Animal Legal and Historical Center
Great Apes and the Law: A complete resource for the legal status of the Great Apes within the United States
Michigan State University College of Law

General information

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Specific State Information

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Connecticut Great Ape Laws

Statute Name Citation Summary
CT - Cruelty - Consolidated Cruelty Laws   CT ST 53-242 - 254; 29-108a - 108i   This Connecticut section contains the state's anti-cruelty and animal fighting provisions.  Any person who overdrives, drives when overloaded, overworks, tortures, deprives of necessary sustenance, mutilates or cruelly beats or kills or unjustifiably injures any animal, or fails to give an animal in his or her custody proper care, among other things shall be fined not more than $1,000 or imprisoned not more than one year or both; a subsequent offense is a Class D felony.  Any person who maliciously and intentionally maims, mutilates, tortures, wounds or kills an animal is also guilty of a Class D felony. Animal fighting is also prohibited under this section as a Class D felony.  Connecticut has a cruelty to poultry law that provides that any crate or other container used for the purpose of transporting, shipping or holding for sale any live poultry must be in a sanitary condition with sufficient ventilation and warmth to prevent unnecessary suffering.  Other provisions include laws against dyeing chicks and rabbits, docking horses' tails, and the use of animals, birds, or reptiles to solicit money.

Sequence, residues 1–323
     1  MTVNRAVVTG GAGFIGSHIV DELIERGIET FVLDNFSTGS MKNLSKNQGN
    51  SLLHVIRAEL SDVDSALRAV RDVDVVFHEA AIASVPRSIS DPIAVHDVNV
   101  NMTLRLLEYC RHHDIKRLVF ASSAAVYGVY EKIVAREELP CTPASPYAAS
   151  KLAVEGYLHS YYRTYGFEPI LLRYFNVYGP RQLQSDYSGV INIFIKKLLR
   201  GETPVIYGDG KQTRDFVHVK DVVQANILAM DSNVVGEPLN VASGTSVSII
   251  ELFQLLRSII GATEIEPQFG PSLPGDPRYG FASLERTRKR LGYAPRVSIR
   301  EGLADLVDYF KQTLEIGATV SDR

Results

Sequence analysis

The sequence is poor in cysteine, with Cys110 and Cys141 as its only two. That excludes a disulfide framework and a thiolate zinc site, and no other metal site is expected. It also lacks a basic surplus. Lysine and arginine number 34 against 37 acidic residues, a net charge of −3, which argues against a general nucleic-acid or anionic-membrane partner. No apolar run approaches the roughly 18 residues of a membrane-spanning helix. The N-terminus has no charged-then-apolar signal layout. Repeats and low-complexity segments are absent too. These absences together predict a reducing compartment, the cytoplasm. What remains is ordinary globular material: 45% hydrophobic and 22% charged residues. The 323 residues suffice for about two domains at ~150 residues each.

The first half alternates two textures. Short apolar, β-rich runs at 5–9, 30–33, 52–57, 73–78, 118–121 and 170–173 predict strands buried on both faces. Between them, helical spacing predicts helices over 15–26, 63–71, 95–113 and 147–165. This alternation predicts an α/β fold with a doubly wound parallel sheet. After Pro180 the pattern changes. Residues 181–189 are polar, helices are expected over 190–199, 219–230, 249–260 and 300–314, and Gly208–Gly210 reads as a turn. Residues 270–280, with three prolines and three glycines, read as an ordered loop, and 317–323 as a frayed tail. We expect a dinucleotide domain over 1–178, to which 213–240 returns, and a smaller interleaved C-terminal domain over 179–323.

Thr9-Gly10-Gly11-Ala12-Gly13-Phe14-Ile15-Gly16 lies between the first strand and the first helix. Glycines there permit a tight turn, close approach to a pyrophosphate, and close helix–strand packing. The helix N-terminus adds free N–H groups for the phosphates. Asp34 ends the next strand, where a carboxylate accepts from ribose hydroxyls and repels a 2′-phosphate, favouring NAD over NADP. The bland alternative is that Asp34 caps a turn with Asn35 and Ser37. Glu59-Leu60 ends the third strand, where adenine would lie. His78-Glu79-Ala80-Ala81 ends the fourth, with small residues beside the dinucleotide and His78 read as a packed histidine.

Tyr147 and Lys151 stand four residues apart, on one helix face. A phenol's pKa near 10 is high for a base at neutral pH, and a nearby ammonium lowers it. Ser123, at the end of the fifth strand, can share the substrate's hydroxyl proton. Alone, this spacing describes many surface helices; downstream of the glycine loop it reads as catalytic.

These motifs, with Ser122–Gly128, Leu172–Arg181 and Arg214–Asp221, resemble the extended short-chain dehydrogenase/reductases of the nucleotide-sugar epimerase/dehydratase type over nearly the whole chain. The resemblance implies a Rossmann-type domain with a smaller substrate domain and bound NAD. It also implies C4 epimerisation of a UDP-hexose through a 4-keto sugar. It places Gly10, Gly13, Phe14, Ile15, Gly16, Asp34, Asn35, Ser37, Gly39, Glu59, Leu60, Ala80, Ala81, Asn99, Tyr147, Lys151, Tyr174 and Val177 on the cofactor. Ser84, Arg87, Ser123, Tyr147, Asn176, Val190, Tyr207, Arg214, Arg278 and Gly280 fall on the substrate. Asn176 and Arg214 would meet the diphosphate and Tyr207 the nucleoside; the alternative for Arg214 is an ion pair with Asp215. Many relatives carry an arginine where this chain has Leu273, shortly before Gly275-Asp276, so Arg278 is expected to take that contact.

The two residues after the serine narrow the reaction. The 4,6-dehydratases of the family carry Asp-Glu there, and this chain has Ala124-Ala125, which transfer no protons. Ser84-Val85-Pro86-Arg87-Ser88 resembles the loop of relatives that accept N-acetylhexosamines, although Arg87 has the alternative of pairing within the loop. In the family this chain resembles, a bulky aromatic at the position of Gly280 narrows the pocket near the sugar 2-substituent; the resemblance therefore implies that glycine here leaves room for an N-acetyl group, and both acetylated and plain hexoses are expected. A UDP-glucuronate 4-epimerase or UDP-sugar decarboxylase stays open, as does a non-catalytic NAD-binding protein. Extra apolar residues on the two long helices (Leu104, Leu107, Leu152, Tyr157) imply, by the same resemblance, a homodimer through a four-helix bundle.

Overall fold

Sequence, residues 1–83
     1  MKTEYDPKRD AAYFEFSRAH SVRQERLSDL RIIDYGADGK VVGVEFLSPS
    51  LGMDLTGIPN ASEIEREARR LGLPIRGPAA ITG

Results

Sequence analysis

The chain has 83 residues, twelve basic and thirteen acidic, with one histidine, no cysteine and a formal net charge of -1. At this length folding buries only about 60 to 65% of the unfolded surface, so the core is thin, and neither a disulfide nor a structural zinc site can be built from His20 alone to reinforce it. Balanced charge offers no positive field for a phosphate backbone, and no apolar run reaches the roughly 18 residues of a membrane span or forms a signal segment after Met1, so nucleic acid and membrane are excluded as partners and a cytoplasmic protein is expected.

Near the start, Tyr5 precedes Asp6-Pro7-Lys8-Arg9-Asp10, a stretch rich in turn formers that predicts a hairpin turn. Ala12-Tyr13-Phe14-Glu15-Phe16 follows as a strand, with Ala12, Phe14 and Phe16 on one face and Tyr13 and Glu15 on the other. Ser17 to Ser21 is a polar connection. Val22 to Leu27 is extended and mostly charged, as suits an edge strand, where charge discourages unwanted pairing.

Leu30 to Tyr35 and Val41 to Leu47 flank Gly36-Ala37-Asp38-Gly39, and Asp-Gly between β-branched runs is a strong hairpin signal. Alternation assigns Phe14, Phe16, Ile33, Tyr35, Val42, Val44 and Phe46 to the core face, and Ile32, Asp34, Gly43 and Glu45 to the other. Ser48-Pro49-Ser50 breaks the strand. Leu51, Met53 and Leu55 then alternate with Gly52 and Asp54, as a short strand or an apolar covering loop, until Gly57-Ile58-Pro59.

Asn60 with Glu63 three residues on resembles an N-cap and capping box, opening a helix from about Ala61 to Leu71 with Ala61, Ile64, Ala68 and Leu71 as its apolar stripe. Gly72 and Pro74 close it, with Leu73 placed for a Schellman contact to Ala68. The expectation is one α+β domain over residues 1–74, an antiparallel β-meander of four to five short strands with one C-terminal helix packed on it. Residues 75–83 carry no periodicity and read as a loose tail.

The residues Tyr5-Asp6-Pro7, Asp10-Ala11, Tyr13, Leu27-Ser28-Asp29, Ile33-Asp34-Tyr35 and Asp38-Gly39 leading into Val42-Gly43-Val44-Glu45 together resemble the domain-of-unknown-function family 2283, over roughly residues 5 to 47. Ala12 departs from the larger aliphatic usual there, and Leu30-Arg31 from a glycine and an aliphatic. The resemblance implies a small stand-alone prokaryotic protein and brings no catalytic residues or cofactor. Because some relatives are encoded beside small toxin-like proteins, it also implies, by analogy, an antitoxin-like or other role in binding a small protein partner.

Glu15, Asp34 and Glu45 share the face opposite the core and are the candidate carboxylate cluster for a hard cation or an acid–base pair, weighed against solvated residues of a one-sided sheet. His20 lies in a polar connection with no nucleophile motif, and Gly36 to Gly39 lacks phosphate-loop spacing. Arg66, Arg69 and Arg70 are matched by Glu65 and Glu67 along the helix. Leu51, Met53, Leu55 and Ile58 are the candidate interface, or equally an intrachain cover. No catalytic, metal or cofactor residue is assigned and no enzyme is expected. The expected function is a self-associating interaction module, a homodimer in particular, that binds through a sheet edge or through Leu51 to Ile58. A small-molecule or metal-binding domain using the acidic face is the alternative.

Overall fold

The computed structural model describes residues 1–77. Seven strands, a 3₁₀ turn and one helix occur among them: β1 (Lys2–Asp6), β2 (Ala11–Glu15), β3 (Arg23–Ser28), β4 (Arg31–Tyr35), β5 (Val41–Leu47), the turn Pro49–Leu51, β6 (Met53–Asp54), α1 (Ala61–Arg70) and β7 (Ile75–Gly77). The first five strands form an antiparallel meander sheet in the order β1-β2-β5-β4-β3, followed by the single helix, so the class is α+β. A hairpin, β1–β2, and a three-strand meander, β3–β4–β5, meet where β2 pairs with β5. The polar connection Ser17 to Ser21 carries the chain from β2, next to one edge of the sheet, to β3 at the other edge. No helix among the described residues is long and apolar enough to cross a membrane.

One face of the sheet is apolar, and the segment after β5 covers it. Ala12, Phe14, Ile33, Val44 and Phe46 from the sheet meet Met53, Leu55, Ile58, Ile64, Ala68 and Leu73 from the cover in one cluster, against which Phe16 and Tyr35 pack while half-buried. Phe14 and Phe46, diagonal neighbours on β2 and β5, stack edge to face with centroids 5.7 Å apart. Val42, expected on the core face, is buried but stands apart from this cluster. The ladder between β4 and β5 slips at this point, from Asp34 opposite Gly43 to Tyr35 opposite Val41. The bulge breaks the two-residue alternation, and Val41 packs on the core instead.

CT - Exotic Pets - 26-40a. Possession of potentially dangerous animal; Chapter 490. Fisheries and Game   CT ST 26-1, 26-40a; 26-54, 55, 61   These Connecticut states reflect the state's laws on the keeping of wild animals. Under § 26-40a, no person shall possess a potentially dangerous animal, which includes wildlife such as the  lion, leopard, cheetah, jaguar, ocelot, jaguarundi cat, puma, lynx, bobcat, wolf, coyote, all species of bears, gorilla, chimpanzee and orangutan. The Department of Environmental Protection shall issue a bill to the owner or person in illegal possession of such potentially dangerous animal for all costs of seizure, care, maintenance, relocation or disposal of such animal. Additionally, any person who violates any provision of this section shall be assessed a civil penalty not to exceed $2000, and is guilty of a class A misdemeanor. Under § 26-55, no person shall import or introduce into the state, possess or let loose, any live fish, wild bird, wild mammal, reptile, amphibian or invertebrate unless such person has obtained a permit. Again, a violator is responsible for expenses from the seizure, maintenance, and relocation of the illegally imported animal. The penalty includes a civil fine up to $1000 and results in a class C misdemeanor.  

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